Two Modern Gypsies

The National Park of Saxon Switzerland Eastern Germany

The National Park of Saxon Switzerland is one of the most beautiful landscapes in Europe. It stretches between Pirna in the Eastern Germany and the Czeck border. We found a really cool hiking-trail, the Sandstone Mountains Malerweg which is supposed to be one of the most picture friendly hiking-trails in Germany. Of course we had to check it out. And look at the bridge and the mountains in our pictures. Isn’t it just fantastic?

After Berlin we were eager to get out of the city to hike and climb. As mentioned we had found a really cool place in the Eastern Germany, and planned to spend a little more time here. We found a nice campsite, Camping-Stellplatz Struppen, on a top of a hill in a small village outside Pirna (30 minutes from Dresden). This place really fulfilled our expectations. And we would strongly recommend it.

Malerweg – Bastei Bridge

The Malerweg trail stretches 112 km through the Saxon Switzerland Nationalpark. You can walk the whole trail or just parts of it as we did. We chose the stage to Bastei, a sandstone rock formation reaching a height of 305 km above sea level. Not only is this rock formation truly fascinating to watch, there is also the sandstone bridge, Bastei Bridge to photograph and catch your eye on. Obviously this is also a background image on Window computers. Understandable! 

From our campsite it was approximate 3 km by bike to Rathen, a small place beside the Elbe river and in the beginning of the path to Bastei. We had to park our bikes and cross the river on a float over to Rathen (2 Euros per person, with a return), here we continued by foot. When we finally reached the «summit» we treated ourselves with beer, which tasted really great in the heat.

The rock formation Bastei & The Bastei Bridge

Bouldering in Bahratal, almost!

On the next day, Miriam had to do some work and we needed to have a relaxed start after a long hike the day before. We had read about a nice bouldering area, Bahratal, on the internet and found it on 27 crags.

We got really stoked when we saw the crag and there were chalk on the rocks, which indicated that people had been climbing here. Suddenly a man with a rifle came towards us. He seemed very friendly, but he spoke to us in German which we don’t understand. He tried to explain by his hands and some international words. We understood some of it, something about fire and police. Christoffer pointed at the rock and asked if we could climb there and his answer was, no, no, no – schnell, schnell (means: hurry / quick / fast), polizia and a sign with his hands indicating handcuffs.

All we understood was to get away, but it was really frustrating not to understand what this was about. On the way back we actually saw a police car coming, and we also saw a boulderer who parked close to us, disappear quickly. We did some research and found an old blogpost about some issues between the forest guards and the police and climbers. We emailed some people we found who had written about this crag and asked if it’s forbidden to climb here. They just answered that the police had nothing to do with it and we should go and boulder and have fun. We guess that this case have to be unsolved, too bad we didn’t understand the forest guard. Our conclusion was that it is very dry in the forest, and fire can spread really fast, which is why they don’t want people around.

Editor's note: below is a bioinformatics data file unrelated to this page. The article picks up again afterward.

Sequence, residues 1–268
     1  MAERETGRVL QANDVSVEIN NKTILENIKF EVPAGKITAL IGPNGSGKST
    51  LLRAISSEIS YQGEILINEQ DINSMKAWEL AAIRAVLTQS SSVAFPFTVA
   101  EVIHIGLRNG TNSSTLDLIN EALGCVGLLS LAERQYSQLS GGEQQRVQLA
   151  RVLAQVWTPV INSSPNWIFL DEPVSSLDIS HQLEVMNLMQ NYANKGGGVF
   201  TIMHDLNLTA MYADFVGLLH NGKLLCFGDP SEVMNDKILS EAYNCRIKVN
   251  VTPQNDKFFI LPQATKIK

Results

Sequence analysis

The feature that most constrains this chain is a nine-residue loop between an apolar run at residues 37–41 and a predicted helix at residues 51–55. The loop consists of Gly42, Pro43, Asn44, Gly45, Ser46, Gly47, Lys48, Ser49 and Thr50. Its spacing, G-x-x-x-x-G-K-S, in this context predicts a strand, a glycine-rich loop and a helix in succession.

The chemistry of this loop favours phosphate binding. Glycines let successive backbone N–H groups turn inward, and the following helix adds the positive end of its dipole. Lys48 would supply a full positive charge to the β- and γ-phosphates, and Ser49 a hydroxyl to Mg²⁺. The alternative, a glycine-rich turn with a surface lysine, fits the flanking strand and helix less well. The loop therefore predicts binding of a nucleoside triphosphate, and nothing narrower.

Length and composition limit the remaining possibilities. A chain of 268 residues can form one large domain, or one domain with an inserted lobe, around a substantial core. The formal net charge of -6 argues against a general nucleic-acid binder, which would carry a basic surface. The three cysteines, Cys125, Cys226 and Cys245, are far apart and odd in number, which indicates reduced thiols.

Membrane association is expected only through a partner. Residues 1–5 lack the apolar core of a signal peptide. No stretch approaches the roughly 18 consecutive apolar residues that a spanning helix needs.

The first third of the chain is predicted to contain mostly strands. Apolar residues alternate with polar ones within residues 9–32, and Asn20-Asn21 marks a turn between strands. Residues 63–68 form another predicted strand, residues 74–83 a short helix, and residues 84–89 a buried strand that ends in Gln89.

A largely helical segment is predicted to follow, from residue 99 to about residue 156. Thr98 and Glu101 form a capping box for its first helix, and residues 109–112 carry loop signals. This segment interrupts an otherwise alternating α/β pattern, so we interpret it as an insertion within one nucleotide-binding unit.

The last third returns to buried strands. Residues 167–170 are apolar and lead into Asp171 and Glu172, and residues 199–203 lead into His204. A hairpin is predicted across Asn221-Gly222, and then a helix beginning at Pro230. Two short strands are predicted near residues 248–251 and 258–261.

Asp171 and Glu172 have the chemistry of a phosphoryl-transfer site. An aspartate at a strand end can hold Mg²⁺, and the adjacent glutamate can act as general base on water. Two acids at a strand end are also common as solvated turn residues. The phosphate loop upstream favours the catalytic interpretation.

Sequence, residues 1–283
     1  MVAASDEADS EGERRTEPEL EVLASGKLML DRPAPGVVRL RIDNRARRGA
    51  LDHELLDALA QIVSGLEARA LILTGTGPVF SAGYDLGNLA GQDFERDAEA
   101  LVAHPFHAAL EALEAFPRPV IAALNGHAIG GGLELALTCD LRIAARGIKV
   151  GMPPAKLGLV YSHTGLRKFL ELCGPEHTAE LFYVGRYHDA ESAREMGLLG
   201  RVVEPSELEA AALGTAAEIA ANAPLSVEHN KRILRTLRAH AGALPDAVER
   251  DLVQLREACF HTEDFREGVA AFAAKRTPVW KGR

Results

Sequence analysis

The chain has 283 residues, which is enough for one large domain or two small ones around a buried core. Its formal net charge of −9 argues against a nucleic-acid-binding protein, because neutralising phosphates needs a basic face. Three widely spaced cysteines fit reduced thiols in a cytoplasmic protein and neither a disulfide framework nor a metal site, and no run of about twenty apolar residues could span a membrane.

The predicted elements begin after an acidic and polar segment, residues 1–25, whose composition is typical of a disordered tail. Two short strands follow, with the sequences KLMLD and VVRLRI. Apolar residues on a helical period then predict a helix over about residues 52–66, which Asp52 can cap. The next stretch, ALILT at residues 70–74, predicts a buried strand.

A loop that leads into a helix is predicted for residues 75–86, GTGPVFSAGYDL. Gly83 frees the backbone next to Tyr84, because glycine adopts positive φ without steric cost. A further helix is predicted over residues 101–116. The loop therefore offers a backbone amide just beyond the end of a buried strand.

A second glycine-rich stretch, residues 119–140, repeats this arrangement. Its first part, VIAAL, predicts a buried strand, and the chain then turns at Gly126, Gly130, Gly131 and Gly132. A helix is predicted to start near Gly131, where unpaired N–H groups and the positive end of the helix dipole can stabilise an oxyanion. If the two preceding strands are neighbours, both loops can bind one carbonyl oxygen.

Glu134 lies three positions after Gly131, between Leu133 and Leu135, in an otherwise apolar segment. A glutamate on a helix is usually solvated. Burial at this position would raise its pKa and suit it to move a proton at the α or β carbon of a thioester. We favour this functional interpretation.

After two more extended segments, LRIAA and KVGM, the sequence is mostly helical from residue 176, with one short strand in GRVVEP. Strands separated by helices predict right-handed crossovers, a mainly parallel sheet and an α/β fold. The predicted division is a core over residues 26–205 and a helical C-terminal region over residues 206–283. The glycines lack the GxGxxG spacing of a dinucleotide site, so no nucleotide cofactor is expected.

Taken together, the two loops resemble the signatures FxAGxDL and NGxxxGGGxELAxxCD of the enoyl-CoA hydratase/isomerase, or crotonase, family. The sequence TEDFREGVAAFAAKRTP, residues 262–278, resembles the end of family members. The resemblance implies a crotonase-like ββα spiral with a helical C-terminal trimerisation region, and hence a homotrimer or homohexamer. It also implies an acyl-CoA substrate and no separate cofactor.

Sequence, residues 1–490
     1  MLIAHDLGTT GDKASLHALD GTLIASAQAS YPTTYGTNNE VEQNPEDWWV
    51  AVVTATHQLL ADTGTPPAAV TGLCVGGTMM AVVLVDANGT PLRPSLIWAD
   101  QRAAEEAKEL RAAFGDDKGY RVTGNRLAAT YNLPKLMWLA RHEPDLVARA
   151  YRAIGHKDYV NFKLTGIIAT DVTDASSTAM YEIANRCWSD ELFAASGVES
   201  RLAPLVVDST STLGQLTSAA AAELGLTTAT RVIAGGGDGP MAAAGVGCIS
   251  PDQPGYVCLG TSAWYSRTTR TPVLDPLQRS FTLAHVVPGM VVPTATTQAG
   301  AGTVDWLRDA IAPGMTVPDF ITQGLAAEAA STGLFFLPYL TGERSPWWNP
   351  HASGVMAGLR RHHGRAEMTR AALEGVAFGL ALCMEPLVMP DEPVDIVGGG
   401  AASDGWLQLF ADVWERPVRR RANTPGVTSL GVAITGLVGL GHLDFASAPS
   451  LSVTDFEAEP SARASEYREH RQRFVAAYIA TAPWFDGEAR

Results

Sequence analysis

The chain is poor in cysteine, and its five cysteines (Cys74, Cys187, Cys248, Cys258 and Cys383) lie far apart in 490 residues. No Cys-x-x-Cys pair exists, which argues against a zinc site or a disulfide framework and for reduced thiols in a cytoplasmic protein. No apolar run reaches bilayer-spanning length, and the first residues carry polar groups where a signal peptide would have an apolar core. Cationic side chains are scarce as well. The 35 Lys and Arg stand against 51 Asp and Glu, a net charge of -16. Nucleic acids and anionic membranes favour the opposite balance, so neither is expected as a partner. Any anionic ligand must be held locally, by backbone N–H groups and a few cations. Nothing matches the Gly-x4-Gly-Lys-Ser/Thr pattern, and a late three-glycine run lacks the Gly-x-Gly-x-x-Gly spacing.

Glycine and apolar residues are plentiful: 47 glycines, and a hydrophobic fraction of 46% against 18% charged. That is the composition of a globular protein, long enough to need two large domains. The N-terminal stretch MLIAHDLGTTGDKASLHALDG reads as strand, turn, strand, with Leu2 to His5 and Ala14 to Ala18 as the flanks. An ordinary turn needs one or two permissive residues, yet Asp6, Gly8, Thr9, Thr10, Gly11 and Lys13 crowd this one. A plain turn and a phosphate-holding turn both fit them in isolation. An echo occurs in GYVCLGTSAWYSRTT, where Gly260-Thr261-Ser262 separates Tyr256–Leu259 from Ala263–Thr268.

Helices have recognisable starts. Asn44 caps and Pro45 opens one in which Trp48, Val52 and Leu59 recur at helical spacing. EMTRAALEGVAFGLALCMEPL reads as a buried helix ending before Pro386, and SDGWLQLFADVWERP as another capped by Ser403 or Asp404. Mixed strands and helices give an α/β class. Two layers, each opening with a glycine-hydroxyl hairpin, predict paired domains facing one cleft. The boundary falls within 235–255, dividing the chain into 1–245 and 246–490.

Kleiner Bärenstein

We were really disappointed when we were shown away. That was a heavy teasing, staying at the crag and not be able to climb. We ended up taking our bikes to Kleiner Bärenstein close to our campsite. Here we found a path in the forest leading to a really cool formation of rocks. Similar to the rocks from the day before. There were also a great view over the valley. It turned out to be a very nice afternoon after all, with a beautiful scenery in the sunset.

Bad Schandau & Kuhstall

Bad Schandau is a small town on the edge of the Saxon Switzerland National Park. The town is very cozy and we spent some time just walking around here. From this town there is a little tram, the Kirnitzschtal tramway, which takes you to the Lichtenhain Waterfall, and Kuhstall, a large natural arch in the Elbe Sandstone Mountains (30 minutes to walk from the waterfall). The Waterfall was dried out, so it was nothing to see for us, but we took the tram and then the hike to Kuhstall, which was really great. For information, this is also a part of the Malerweg trail. 

Camping-Stellplatz Struppen

Great location for hiking. You can reach the most famous part of the Malerweg trail by bike and hike (bikes are recommended). We were really satisfied with this place.

  • We thought about staying closer to Pirna, but we’re really happy about this campsite.
  • The facilities were really great. Nice and clean all the time. 
  • The campsite was cheap, even in the high season. You have to pay for shower (1 Euro coins), electricity and water (10 cents coins). Still, for us it ended up being very cheap. 
  • Friendly staff, they don’t speak English at all, but managed to give us information about the trails we wanted to go. 

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